Arrogant Swindler

Once the harsh reality sinks in that Jesus really does insist on our sinfulness and contrast it with his sinlessness, the modern egalitarian soul can often have what highly trained professional theologians call “a cow”. That is, some offended moderns can immediately drop the patronizing views of him as Swell Guy and Guru and seize on yet another explanation of who Jesus really is: an arrogant religious charlatan who succeeded in starting a local cult of worship round himself in the hopes of gaining gold, guns and girls under a cloak of charismatic leadership.

The problem here is that the fiercest opponents of this view are themselves anti-Christians such as Marx and Nietzsche. And their gripe against Christ was not against his alleged arrogant will to power but against his meekness, “slave morality” and “weak” counsels to turn the other cheek; counsels he clearly kept himself.

The mystery for proponents of the Arrogant Swindler View is just what earthly treasure Jesus was supposed to be after. Political glory? Riches? Having “nowhere to lay his head” (Luke 9:58) and running off into the desert when people try to make him king is a funny way to get it (John 6:15). Similarly, making speeches like the Bread of Life discourse (John 6:25-60) guaranteed to repulse and offend all but the most die-hard supporters is generally not recommended to would-be demagogues. Nor is doing everything possible to conceal one’s miracles (Mark 5:43; 7:36; Luke 5:14). And above all, Arrogant Swindlers do not publicly keep the most disreputable company at the very worst of times. Surrounding oneself with men who smell like Eau du Fishbait Cologne, or with women with questionable psychological histories like Mary Magdalene, or with radicals like Simon the Zealot, or with reviled scum like Zacchaeus the Tax Collector, or with a whole raft of prostitutes, pimps, mentally ill, demon-possessed and otherwise unsavory people-this is not the way to impress constituents, gain support from Big Money or overwhelm the Big Cheeses in Jerusalem with one’s promise as a Great Man. Arrogant Swindlers are extraordinarily cautious about the impression they make with Top People.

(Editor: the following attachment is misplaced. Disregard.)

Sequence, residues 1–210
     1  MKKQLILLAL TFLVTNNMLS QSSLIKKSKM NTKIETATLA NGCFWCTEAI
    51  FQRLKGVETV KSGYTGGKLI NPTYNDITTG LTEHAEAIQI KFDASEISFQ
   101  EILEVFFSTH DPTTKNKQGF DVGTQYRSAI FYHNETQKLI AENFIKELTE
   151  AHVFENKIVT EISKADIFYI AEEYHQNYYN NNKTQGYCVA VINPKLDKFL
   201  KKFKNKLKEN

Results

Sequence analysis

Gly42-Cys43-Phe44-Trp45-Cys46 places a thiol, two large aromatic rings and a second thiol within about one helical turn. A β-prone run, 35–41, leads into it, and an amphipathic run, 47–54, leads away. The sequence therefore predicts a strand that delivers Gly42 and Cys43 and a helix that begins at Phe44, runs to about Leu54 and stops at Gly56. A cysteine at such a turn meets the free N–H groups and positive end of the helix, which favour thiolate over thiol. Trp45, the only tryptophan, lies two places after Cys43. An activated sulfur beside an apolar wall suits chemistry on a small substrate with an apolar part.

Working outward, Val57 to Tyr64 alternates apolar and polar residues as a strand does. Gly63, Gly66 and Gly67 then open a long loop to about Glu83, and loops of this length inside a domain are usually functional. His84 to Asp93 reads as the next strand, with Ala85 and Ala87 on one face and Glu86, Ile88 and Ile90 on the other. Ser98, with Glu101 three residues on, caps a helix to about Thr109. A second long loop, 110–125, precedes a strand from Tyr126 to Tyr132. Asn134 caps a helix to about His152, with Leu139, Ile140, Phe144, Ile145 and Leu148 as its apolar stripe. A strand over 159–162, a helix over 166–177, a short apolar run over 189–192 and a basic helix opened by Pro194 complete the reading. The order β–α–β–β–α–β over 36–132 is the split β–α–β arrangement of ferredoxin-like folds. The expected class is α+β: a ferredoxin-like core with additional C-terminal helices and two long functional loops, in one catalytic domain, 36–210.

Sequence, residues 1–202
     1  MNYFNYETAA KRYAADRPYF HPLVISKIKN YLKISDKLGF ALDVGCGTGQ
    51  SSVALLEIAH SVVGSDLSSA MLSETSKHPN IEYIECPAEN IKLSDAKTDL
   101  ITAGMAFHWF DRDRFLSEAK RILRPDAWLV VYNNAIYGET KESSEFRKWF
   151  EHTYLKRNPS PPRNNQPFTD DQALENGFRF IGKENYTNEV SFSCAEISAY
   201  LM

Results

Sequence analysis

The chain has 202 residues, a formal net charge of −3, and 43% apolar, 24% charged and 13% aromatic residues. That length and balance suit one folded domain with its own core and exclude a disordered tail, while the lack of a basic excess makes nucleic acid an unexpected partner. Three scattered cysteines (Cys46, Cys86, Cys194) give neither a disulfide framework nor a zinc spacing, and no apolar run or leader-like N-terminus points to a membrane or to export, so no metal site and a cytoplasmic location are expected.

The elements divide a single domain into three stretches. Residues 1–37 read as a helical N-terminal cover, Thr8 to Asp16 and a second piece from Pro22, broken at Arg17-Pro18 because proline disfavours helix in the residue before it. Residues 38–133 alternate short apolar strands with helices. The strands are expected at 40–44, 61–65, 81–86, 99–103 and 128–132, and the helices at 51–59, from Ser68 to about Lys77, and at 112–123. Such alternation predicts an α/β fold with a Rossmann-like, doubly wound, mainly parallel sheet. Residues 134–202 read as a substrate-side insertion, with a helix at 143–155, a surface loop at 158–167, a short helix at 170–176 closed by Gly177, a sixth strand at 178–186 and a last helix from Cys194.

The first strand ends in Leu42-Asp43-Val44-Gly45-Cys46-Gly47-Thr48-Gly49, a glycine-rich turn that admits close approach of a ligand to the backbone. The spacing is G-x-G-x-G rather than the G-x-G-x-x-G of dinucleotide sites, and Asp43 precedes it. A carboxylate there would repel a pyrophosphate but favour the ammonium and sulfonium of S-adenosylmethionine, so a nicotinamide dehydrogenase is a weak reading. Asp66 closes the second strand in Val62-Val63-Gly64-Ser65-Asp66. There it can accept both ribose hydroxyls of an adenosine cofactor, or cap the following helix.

Jesus, however, was remarkably incautious, if Swindler he was. Indeed, he seemed particularly bent on making sure that those who thought the least of him-and had the power to do something about it-would kill him. Those craving earthly power, on trial for their lives, usually haggle about what the meaning of “is” is. Jesus, however, is breathtakingly direct in a way singularly threatening to his own life:

Again the high priest asked him, “Are you the Christ, the Son of the Blessed One?”

“I am,” said Jesus. (Mark 14:61-62)


“Are you the king of the Jews?” asked Pilate.

“Yes, it is as you say,” Jesus replied. (Mark 15:2)

Such action points, for most people of common sense, not to a lusty brew of power, domination and lies which seeks to scale the heavens for the love of self, but to a queer and frightening honesty and otherworldliness willing to endure the depths of hell for the love of God. Once again, the evidence squares, not with the nouveau theory but with Christ’s own claim to be the “Son of the living God” who came to “give his life as a ransom for many” (Mark 10:45)

Which leaves one alternative to the Catholic explanation open: